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'I could hardly speak' : dialogues in the poetry of Sylvia Plath and Ted Hughes

Imbuido, IA 2002 , ''I could hardly speak' : dialogues in the poetry of Sylvia Plath and Ted Hughes', Research Master thesis, University of Tasmania.

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This thesis examines an extraordinary dialogue between the poets Sylvia Plath and Ted Hughes. My methodology uses Hughes's Birthday Letters as a limit case when approaching Plath's oeuvre, focussing on intertextual examples that solidify my arguments of a dialogue which began when the poets met and continued after Plath's death. Often a dialogue is signalled when a poem by each writer shares the same title. On other occasions, a shared biographical event is re-visioned separately by Plath and Hughes. Though I refer to biographical material when relevant, my focus is on the poetry.
Working through a theory of dialoguic intertextuality — arrived at through Charles Balditin's dialogic theory, Julia Kristeva's theory of intertextuality and Gerard Genette's theories of metatextuality and hypertextuality — I define dialoguic intertextuality as a sequential and subjective interchange of ideas between texts and the authors of those texts. The text, part of the author's created personae, replaces or supplements conversations that refer to a known and shared system of knowledge — biographical events, for example — thus becoming further embedded in a subsequent text.
This thesis questions several of Hughes's decisions as Plath's literary executor, uncovering instances of dubious textual borrowing and even theft. I argue that Hughes, when compared with Plath, is far more strident in representing the couple's power struggles over textual ownership, and gender and national difference. Their work addresses creation and creativity (particularly creation of life versus creation of poetry), birth, death and rebirth. The poets' preoccupations with parental roles and the suppression and revelation of perceived truths in their poetry are also discussed.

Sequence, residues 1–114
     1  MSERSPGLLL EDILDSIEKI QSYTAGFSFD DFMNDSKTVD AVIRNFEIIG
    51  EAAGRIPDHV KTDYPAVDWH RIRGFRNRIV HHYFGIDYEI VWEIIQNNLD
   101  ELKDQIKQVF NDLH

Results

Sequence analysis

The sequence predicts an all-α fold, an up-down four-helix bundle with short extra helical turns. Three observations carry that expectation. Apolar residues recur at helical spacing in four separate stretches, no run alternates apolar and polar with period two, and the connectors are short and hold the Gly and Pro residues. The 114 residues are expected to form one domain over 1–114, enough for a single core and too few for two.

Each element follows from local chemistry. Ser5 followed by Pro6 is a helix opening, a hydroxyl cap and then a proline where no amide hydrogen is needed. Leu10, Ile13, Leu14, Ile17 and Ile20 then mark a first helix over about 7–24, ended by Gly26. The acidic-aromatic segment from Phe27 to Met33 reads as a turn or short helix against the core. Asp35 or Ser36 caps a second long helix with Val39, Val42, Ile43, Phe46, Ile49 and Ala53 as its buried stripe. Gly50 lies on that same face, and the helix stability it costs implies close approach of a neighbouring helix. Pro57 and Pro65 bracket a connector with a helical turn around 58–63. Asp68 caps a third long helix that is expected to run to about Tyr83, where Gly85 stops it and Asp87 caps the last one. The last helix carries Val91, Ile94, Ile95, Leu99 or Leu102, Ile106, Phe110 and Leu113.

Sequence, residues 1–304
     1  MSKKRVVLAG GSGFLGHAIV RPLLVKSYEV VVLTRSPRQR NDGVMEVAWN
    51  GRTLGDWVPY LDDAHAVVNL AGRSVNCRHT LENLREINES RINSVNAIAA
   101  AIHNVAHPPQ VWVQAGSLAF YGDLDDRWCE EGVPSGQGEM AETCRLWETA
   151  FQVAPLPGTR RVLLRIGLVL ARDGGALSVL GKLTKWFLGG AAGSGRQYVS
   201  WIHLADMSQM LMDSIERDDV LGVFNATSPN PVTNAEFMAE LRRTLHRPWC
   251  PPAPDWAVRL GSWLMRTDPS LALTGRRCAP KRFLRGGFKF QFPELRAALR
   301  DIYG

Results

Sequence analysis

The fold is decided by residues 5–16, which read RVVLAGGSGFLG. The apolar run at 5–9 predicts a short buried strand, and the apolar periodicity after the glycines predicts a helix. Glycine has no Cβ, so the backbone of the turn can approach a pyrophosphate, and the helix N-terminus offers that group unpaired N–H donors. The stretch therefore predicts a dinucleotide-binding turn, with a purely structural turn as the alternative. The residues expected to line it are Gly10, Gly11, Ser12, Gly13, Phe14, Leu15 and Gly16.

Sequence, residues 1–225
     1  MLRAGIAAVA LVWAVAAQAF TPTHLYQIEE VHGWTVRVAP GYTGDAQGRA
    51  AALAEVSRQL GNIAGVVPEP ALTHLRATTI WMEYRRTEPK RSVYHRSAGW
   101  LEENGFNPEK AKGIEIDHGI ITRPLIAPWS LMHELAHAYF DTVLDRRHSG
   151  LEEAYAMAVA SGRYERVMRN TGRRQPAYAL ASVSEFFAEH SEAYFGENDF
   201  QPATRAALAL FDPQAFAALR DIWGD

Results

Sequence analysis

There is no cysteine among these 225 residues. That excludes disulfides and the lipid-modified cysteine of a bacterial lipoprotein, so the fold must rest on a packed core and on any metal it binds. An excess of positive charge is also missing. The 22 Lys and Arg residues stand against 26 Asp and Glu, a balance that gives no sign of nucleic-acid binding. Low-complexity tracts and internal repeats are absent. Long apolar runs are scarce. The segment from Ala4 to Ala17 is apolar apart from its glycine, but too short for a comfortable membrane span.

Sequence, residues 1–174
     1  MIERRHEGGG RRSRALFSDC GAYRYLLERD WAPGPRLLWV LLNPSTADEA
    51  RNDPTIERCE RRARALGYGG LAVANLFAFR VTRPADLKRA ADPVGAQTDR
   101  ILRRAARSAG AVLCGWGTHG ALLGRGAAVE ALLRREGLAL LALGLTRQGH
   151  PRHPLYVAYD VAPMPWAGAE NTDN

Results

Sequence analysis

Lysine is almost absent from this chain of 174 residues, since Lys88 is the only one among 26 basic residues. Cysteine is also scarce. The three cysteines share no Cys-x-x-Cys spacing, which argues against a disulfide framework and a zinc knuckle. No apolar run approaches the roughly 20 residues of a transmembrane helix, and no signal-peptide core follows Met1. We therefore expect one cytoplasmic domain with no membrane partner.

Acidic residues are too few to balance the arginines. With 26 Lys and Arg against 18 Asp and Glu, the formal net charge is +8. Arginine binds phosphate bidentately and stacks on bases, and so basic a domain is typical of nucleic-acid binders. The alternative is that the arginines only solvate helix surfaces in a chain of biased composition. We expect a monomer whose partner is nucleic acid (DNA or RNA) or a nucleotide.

Hughes often inserted biographical elements in his poetry that are all but obscured in Plath's work. While Hughes's poetry insists on his version of truth about key events of their lives, Plath's poetry resists his readings. As a tangible outcome of their dialogue, these insistences and resistances form the foundation of this thesis.

Item Type: Thesis - Research Master
Authors/Creators:Imbuido, IA
Keywords: Plath, Sylvia, Hughes, Ted, 1930
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Copyright 2002 the author - The University is continuing to endeavour to trace the copyright owner(s) and in the meantime this item has been reproduced here in good faith. We would be pleased to hear from the copyright owner(s).

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Thesis (MA)--University of Tasmania, 2002. Includes bibliographical references

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